Film Schedule "in Flux" as San Francisco Eyes Reopening After 'Tenet,' 'Mulan' Dates: Analyst

Warner Bros. Pictures
'Tenet'

"Given the continued uncertainties around reopening timelines, capacity restrictions and moviegoer responses, we remain cautious on the pure-play exhibitors," says B. Riley FBR's Eric Wold.

B. Riley FBR analyst Eric Wold in a Friday report said the second-half film-release schedule should be considered "in flux" after San Francisco unveiled plans for businesses to reopen following the lockdown due to the novel coronavirus pandemic. The plans push cinema reopenings to mid-August — which would be after the currently scheduled releases of tentpoles Tenet and Mulan.  

"While we understand that all of the exhibitors have shored up their balance sheets in recent weeks to provide additional liquidity, given the continued uncertainties around reopening timelines, capacity restrictions and moviegoer responses, we remain cautious on the pure-play exhibitors," the analyst, who recently downgraded his rating on Cinemark, concluded.

San Francisco Mayor London Breed's tentative schedule includes movie theaters in phase three, which has a target date of mid-August, "although the possibility of multiple sub-phases could push movie theaters beyond that target," Wold wrote. "Note that San Francisco represents the first of the three major box office cities to actually provide somewhat of a specific date for the movie theater re-openings — with this date coming after the first two key movies currently scheduled to be released following the COVID-19 shutdowns."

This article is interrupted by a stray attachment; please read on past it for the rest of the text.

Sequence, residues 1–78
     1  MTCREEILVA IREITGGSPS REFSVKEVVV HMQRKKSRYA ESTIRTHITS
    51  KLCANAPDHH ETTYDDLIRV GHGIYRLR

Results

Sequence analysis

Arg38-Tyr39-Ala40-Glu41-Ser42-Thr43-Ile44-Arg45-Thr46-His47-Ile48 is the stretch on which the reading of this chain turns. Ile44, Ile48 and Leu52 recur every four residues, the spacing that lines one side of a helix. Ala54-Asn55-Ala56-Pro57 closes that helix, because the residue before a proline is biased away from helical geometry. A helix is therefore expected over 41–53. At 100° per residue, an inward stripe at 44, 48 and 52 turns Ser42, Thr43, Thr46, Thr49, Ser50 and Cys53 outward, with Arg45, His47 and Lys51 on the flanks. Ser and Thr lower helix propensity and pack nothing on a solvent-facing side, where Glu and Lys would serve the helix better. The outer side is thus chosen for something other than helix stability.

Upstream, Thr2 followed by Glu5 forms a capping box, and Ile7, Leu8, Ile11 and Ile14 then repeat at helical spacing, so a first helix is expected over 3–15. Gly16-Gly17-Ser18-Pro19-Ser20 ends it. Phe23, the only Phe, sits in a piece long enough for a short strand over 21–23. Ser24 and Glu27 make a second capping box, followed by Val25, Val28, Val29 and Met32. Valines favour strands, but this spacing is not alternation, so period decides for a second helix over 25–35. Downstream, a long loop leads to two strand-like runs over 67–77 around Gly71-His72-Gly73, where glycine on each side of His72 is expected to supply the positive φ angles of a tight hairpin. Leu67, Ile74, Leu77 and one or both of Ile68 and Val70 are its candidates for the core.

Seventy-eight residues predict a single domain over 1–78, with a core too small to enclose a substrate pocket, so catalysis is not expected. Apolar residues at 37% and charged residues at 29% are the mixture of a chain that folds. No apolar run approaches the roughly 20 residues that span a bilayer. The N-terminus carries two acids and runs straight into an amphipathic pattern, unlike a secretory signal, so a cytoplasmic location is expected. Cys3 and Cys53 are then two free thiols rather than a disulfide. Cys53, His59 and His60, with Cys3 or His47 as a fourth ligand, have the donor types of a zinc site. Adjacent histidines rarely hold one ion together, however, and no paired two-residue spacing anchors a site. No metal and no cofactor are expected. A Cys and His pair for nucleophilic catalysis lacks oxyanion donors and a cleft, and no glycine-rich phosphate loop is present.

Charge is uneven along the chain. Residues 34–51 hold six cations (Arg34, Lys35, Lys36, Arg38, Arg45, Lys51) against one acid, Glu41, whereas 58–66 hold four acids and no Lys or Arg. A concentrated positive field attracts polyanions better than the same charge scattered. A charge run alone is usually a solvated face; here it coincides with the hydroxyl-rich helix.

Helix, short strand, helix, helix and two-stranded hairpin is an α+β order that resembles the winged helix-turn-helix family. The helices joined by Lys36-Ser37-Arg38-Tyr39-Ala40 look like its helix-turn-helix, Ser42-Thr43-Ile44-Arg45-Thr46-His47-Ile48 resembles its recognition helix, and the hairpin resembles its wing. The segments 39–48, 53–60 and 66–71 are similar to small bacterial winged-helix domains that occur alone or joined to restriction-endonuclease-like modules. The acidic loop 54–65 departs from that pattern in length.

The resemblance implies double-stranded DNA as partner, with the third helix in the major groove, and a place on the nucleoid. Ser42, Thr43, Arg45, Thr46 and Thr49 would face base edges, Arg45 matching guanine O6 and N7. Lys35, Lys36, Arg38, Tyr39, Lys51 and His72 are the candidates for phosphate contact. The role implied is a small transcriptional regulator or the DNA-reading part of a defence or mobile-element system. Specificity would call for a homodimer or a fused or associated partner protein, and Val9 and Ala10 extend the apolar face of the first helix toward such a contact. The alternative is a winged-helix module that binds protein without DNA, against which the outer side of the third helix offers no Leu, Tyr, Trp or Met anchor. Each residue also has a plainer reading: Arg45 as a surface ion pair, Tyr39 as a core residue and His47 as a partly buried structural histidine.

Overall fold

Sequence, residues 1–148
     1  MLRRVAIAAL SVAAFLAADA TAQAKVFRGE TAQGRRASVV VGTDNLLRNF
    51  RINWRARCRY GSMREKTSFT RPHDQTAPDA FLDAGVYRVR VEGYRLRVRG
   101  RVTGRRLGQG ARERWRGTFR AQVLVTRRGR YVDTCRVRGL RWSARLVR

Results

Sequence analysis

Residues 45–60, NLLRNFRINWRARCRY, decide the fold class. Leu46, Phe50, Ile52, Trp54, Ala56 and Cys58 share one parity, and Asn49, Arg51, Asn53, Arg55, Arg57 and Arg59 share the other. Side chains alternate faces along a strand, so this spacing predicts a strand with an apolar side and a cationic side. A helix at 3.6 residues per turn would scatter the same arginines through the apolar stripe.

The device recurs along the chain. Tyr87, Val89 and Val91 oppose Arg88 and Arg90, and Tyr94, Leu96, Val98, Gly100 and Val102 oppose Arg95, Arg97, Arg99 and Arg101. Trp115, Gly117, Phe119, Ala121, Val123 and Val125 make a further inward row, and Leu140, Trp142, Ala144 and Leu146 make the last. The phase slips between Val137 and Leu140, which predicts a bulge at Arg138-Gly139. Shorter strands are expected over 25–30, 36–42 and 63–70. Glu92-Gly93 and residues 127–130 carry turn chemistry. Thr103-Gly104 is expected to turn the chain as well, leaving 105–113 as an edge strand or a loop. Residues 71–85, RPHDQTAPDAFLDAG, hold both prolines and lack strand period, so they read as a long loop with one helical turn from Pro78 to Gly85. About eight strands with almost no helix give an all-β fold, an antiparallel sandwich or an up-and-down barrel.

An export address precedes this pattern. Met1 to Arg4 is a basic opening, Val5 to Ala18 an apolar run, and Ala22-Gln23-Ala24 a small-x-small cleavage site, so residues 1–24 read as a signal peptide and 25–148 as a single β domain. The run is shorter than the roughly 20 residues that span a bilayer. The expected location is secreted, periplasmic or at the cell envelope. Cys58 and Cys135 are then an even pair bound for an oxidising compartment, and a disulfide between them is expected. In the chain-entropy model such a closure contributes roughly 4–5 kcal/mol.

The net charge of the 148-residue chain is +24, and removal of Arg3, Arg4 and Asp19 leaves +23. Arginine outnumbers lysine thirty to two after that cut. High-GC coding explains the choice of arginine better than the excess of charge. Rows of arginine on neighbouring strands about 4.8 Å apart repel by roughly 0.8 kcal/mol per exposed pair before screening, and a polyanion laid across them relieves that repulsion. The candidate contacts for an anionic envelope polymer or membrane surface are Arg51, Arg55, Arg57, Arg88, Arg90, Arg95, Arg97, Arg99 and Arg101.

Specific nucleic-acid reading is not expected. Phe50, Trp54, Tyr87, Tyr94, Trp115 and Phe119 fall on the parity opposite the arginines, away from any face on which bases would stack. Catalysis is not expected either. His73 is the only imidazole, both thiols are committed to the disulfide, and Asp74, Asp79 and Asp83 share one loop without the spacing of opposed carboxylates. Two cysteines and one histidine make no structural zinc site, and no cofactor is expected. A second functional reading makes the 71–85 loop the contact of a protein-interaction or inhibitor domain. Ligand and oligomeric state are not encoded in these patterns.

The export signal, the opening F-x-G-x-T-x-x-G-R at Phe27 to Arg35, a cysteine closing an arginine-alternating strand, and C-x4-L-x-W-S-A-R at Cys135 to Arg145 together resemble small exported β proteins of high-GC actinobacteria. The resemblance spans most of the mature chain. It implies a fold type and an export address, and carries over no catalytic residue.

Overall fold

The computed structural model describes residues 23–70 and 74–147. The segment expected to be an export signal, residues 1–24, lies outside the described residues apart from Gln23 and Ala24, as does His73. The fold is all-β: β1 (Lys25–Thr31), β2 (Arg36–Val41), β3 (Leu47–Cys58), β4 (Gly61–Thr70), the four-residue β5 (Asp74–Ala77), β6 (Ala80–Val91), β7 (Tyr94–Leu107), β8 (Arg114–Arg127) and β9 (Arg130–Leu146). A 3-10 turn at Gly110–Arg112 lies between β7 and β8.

After all, Warner's Tenet is scheduled for July 17, its original launch date, with Disney's Mulan set for a release a week later after the studio moved it from its original release date in late March.

Wold concluded that the San Francisco timeline could suggest cinemas in New York and Los Angeles will also open after these dates. "Although we acknowledge that each of the three major cities (and both states) are working on their own individual timelines, we believe the later-than-anticipated opening timeline for San Francisco probably does not bode well for the other two," he explained. "While we do not believe San Francisco on its own would be enough to influence the studios' decisions, we would expect that all three cities would have a major influence. At this point, movie theaters are included in stage 3 in Los Angeles with an unknown timeline, but with Governor Gavin Newsom stating in late April that movie theaters were 'months, not weeks' away. And in New York, movie theaters are included in phase 4 along with Broadway theaters — with some media reports indicating they may not reopen until January."

Wold's takeaway: "While there has not been any significant film-release timing shifts in recent weeks around the July/August calendar, we believe the second-half calendar should still be considered in flux. We assume studios are closely watching for any adverse changes in major market reopening time frames and/or moviegoer demand levels in early reopening states (which have been poor according to early reports — with the caveat theaters are showing library titles). We may be in a situation where no studio wants to be first out of the gate even if they have a lack of competition — because an unsuccessful theatrical release would be more painful to the bottom line than delaying the release date before any major marketing spend has occurred."